most dangerous proposition for Erik Morales.
After the humiliating loss to Pacquiao, Barrera rose back up with a full heart in his next two fights, beating the tar out of Paulie Ayala (35-2-0-12 KO's) in June of 2004 and in November, finally beating Erik Morales WITHOUT controversy, demonstrating that either he just had a really bad night out against Pacquaio-or that Pacman is THAT good. To the disappointment of this scribe, Barrera has expressed absolutely no interest in a rematch with Pacman. One major rivalry was enough for M.A.B.
Now, Morales is in a similar position, seeking to reaffirm himself as one of the best fighters in the business by taking on a most dangerous opponent-the same man who beat the man that beat him. Pacquaio may be smaller and a bit one dimensional, but what a dimension! You gotta take your hat off to Morales though; a lot of lesser men have quietly disappeared after a gut wrenching defeat in front of the world audience. Can anyone say, Naseem Hamed?
Pacquiao is going to explode all over Morales next Saturday. How Morales handles the onslaught will determine his fortunes in this fight. Juan Manuel Marquez left a blueprint for Morales on how to deal with Pacman's powerful left hooks-outbox him and take that weapon away.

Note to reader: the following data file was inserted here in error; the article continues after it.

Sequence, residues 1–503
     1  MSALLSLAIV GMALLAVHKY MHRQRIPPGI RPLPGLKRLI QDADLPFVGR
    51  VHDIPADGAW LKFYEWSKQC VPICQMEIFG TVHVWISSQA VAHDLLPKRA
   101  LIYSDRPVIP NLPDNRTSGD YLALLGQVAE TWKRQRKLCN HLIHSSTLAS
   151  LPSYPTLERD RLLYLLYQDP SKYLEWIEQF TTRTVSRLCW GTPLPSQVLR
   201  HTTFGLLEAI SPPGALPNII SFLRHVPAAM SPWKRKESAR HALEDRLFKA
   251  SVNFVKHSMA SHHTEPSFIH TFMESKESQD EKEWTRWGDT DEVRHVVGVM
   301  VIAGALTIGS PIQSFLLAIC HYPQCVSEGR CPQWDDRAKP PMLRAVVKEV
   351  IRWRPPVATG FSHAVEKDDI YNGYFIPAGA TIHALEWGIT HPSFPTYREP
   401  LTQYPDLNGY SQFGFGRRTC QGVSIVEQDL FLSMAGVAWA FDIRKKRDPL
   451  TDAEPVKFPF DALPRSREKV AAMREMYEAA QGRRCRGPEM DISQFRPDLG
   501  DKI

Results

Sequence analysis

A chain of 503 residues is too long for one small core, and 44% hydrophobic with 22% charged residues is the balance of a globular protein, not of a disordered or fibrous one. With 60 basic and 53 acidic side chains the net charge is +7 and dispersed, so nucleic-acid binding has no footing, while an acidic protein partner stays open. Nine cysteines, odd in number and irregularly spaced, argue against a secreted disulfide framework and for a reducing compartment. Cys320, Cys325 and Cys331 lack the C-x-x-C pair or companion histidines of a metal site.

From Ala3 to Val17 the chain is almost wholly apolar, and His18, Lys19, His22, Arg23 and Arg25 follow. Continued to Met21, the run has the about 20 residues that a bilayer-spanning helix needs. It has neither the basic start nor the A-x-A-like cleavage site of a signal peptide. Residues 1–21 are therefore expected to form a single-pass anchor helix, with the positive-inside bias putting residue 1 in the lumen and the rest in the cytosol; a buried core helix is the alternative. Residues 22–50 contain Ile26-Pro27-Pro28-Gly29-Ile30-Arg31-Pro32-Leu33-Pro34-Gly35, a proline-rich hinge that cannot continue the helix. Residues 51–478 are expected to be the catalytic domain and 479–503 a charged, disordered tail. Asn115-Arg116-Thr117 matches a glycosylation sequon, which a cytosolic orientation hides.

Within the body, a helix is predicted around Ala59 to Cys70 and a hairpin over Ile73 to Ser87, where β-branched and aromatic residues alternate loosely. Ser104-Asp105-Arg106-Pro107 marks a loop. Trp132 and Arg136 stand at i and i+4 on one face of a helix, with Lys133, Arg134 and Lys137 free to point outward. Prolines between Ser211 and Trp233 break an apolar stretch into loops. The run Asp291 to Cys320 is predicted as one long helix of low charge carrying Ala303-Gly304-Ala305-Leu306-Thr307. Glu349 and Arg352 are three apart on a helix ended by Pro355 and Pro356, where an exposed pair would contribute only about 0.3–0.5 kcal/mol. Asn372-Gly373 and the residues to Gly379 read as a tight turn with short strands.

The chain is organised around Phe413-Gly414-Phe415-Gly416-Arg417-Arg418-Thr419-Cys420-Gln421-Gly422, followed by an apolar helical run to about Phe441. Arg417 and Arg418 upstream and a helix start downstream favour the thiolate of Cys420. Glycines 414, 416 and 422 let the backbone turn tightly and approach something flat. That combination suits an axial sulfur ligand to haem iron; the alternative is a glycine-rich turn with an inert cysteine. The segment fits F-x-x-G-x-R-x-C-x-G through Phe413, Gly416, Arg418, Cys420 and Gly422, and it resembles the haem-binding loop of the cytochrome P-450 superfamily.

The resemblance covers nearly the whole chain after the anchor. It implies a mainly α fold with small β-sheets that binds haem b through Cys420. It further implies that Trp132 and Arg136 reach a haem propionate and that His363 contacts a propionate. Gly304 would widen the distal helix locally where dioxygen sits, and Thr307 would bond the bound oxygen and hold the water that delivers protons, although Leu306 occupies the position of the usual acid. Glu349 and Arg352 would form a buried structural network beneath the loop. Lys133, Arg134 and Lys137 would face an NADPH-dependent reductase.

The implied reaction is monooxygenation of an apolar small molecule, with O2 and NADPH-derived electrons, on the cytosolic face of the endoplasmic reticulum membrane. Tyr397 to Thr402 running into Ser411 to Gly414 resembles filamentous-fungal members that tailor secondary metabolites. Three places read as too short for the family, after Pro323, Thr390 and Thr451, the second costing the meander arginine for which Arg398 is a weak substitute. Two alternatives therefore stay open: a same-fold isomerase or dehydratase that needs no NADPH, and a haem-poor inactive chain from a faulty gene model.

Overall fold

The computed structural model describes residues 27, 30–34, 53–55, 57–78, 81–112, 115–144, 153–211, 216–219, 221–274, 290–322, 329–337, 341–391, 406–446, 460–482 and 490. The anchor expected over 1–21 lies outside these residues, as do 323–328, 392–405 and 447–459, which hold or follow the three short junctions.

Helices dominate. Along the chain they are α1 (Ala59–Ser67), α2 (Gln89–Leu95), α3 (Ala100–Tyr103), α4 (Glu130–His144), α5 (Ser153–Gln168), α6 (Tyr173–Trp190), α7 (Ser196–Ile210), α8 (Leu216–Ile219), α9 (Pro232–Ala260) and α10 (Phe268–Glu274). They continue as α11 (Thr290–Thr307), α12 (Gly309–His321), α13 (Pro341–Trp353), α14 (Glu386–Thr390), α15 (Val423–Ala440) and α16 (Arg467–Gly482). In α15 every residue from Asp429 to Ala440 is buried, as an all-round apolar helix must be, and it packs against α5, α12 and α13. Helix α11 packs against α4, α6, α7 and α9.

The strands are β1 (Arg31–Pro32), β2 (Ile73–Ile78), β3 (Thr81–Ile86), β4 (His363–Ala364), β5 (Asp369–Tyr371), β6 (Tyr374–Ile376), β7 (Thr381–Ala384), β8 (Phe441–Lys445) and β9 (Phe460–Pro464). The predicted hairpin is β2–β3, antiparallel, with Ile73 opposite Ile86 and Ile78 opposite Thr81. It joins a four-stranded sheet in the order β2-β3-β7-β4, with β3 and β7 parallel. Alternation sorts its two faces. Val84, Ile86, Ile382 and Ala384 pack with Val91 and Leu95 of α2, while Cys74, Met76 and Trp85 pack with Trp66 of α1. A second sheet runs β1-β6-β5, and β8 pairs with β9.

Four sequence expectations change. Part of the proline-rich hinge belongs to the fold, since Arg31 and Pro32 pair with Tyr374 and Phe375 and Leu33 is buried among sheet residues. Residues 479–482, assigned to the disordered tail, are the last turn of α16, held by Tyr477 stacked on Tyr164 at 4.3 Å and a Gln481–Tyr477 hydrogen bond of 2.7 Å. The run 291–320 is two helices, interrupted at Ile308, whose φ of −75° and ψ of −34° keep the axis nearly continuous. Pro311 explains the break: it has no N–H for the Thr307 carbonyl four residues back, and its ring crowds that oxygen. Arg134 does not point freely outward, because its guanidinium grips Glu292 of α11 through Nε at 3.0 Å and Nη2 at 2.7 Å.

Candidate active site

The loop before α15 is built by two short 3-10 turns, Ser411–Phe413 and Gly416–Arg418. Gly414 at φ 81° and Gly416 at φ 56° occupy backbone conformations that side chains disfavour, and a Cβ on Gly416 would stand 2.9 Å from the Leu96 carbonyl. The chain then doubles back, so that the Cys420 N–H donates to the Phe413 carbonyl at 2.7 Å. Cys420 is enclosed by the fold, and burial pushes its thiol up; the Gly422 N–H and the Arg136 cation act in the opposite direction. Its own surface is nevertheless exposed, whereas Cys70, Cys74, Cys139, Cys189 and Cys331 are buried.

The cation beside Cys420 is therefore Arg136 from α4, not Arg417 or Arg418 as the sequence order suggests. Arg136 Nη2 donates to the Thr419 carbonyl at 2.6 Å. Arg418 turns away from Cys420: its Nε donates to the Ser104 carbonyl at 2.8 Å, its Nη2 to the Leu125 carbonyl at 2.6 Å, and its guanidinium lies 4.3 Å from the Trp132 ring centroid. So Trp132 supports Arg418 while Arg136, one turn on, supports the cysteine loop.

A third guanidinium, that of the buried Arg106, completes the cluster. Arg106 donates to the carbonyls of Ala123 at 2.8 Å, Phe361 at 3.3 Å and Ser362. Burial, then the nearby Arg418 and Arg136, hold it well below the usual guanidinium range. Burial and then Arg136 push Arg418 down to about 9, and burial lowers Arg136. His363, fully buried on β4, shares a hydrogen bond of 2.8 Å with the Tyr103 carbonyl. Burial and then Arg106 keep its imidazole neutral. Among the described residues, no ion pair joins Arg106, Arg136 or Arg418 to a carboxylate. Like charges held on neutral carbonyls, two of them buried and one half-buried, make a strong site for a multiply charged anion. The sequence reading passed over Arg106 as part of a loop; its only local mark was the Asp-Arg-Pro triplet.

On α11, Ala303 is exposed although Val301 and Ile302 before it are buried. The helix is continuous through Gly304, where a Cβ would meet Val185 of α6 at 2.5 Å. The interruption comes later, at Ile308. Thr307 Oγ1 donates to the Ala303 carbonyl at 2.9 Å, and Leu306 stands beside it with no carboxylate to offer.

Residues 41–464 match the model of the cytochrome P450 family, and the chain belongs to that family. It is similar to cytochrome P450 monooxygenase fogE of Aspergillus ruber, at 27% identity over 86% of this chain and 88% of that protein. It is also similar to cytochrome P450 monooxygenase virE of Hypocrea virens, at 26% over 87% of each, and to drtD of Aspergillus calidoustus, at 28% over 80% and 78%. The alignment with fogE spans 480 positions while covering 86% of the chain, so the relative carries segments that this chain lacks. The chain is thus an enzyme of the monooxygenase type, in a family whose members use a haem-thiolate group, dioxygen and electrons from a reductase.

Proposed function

The question is-can Morales box as well as J.M. Marquez did? Marquez got up from three staggering knockdowns in the first round and not just survived, but in some eyes, won the fight by decision, though officially, it was deemed a Draw. In my view, Marquez did render Pacquiao ineffective for ten of the eleven rounds that followed his triple trip to the canvas in the first.
Morales may be one of the best in boxing. but he does get hit a lot. And its because he throws so many punches, that of course, he constantly avails himself to counter punches. All Pacquiao needs to do is land a few of his signature punches early and the world will find out if Morales is capable of taking Pacman's pop. If he can, it will be an uphill battle for the Philippine Featherweight Superstar.
Morales has 34 KO's on his record for a reason. He is not renowned for his power but for his tenacity and he is a connoisseur of landing accurate punches from awkward angles, the accumulation of which, stop his opponents more times than not. One of his most effective shots is the uppercut, delivered in close, right before or after a clinch. The problem is, getting too close to the shorter armed Pacman might not be a smart strategy.
Look for Pacquiao to go right after Morales and try to end it early. Look for Morales to keep him under control on the outside and take Pacquiao into the deep waters of the Championship rounds, where all the questions will be answered. I have a hunch that a controversial decision will decide this contest and the result will be a new rivalry that sells a lot of tickets.
* * *
Comments can be emailed to email@example.com
Article posted on 16.03.2005
previous article: Guilty Boxing’s Sensational Sotos
next article: Focused Geale Ready to Settle Score with Rolph